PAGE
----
In many education and government circles, it remains taboo to broach the topic of sex differences. Many gender scholars insist that the sexes are cognitively interchangeable and argue that any talk of difference only encourages sexism and stereotyping.

Yet, “boys are languishing academically, while girls are soaring,” writes Sommers, who has plenty of statistics to back up her case.

Career tech education works well for many boys (and some girls), Sommers writes. In Massachusetts’ network of 26 academically rigorous vocational-technical high schools, students “take traditional academic courses but spend half their time apprenticing in a field of their choice. These include computer repair, telecommunications networking, carpentry, early childhood education, plumbing, heating, refrigeration, and cosmetology.”

These schools boast high graduation and college matriculation rates; close to 96 percent of students pass the states’ graduation test.

Blackstone Valley Tech in Upton, Massachusetts, should be studied by anyone looking for solutions to the boy problem.  It is working wonders with girls (who comprise 44 percent of the student body), but its success with boys is astonishing. According to a white paper on vocational education by the Commonwealth’s Pioneer Institute, “One in four Valley Technical students enter their freshman year with a fourth-grade reading level.” The school immerses these students in an intense, individualized remediation program until they read proficiently at grade level. These potentially disaffected students put up with remediation as well as a full load of college preparatory courses (including honors and Advanced Placement classes), because otherwise they could not spend half the semester apprenticing in diesel mechanics, computer repair, or automotive engineering.

However, career tech education faces a challenge from the National Council on Women and Girls Education, which considers vocational schools as hotbeds of “sex segregation,” writes Sommers. The consortium and its members have spent decades lobbying to force career tech programs to get female students into “non-traditional” fields.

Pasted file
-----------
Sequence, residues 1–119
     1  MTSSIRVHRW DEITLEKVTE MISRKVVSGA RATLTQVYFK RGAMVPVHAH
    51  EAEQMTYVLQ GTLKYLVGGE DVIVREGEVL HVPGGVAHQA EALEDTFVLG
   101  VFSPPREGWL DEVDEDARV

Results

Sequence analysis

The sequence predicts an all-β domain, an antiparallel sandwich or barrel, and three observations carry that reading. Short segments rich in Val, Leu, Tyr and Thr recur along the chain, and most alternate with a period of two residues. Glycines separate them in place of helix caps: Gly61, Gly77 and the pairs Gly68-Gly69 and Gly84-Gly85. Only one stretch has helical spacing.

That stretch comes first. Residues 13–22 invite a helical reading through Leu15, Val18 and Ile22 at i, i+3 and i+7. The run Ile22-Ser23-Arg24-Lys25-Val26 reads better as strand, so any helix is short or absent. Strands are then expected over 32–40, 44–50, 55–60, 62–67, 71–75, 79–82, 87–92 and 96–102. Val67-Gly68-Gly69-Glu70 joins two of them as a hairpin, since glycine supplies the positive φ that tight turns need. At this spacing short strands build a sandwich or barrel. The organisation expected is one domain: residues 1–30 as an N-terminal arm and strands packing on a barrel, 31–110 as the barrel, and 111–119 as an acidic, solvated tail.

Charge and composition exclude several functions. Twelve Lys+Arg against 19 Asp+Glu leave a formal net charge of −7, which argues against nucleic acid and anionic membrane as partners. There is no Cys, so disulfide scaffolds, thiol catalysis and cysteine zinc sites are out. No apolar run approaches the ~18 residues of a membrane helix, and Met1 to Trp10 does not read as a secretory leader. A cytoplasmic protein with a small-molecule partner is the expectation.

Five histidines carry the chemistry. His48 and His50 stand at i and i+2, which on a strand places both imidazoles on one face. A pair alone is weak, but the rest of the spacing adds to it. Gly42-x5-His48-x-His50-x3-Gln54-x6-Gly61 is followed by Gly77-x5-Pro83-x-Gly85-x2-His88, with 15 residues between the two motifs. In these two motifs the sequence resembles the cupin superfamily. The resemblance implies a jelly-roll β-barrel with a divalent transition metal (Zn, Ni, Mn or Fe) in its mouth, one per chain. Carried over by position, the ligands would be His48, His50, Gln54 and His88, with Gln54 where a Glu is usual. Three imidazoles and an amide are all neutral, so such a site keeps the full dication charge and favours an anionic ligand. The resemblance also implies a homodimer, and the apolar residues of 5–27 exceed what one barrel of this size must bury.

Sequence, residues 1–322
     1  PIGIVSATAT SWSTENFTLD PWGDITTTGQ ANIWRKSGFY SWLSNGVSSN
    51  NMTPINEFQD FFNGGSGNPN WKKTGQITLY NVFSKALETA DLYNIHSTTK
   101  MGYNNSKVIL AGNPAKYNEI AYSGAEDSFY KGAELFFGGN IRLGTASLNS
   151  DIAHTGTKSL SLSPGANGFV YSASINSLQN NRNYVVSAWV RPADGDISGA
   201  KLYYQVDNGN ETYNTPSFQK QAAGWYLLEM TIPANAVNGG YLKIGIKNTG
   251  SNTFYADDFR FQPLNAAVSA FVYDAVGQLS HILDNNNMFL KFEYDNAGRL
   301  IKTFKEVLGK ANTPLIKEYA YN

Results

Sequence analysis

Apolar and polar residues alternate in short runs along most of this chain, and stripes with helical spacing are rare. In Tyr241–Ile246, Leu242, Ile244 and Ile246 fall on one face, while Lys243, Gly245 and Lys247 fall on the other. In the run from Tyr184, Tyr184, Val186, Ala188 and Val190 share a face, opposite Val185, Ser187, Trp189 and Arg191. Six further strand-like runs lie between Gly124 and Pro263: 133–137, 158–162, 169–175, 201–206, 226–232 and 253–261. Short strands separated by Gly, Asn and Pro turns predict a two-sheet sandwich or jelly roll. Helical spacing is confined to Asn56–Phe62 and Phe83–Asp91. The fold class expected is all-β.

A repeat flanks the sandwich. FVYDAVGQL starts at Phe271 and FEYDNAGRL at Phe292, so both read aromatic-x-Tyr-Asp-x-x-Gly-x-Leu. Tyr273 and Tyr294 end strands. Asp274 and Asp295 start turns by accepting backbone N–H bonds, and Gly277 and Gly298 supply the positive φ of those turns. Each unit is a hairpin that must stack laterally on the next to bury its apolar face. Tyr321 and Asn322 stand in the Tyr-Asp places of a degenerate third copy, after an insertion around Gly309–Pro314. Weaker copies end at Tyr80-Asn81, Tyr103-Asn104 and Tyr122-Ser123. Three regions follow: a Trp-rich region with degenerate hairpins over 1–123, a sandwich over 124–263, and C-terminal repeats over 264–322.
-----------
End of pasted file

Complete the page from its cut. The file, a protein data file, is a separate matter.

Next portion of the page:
Over the years, untold millions of state and federal dollars have been devoted to recruiting and retaining young women into fields like pipefitting, automotive repair, construction, drywall installing, manufacturing, and refrigeration mechanics.  But according to Statchat, a University of Virginia workforce blog, these efforts at vocational equity “haven’t had much of an impact.”

In March 2013 NCWGE released a report urging the need to fight even harder against “barriers girls and women face in entering nontraditional fields.” Among its nine key recommendations to Congress: more federal funding and challenge grants to help states close the gender gaps in career and technical education (CTE); mandate every state to install a CTE gender equity coordinator; and impose harsher punishments on states that fail to meet “performance measures” –i.e. gender quotas.

“Instead of spending millions of dollars attempting to transform aspiring cosmetologists into welders, education officials should concentrate on helping young people, male and female, enter careers that interest them,” concludes Sommers. And the priority should be providing education options that motivate our neediest students, boys and young men.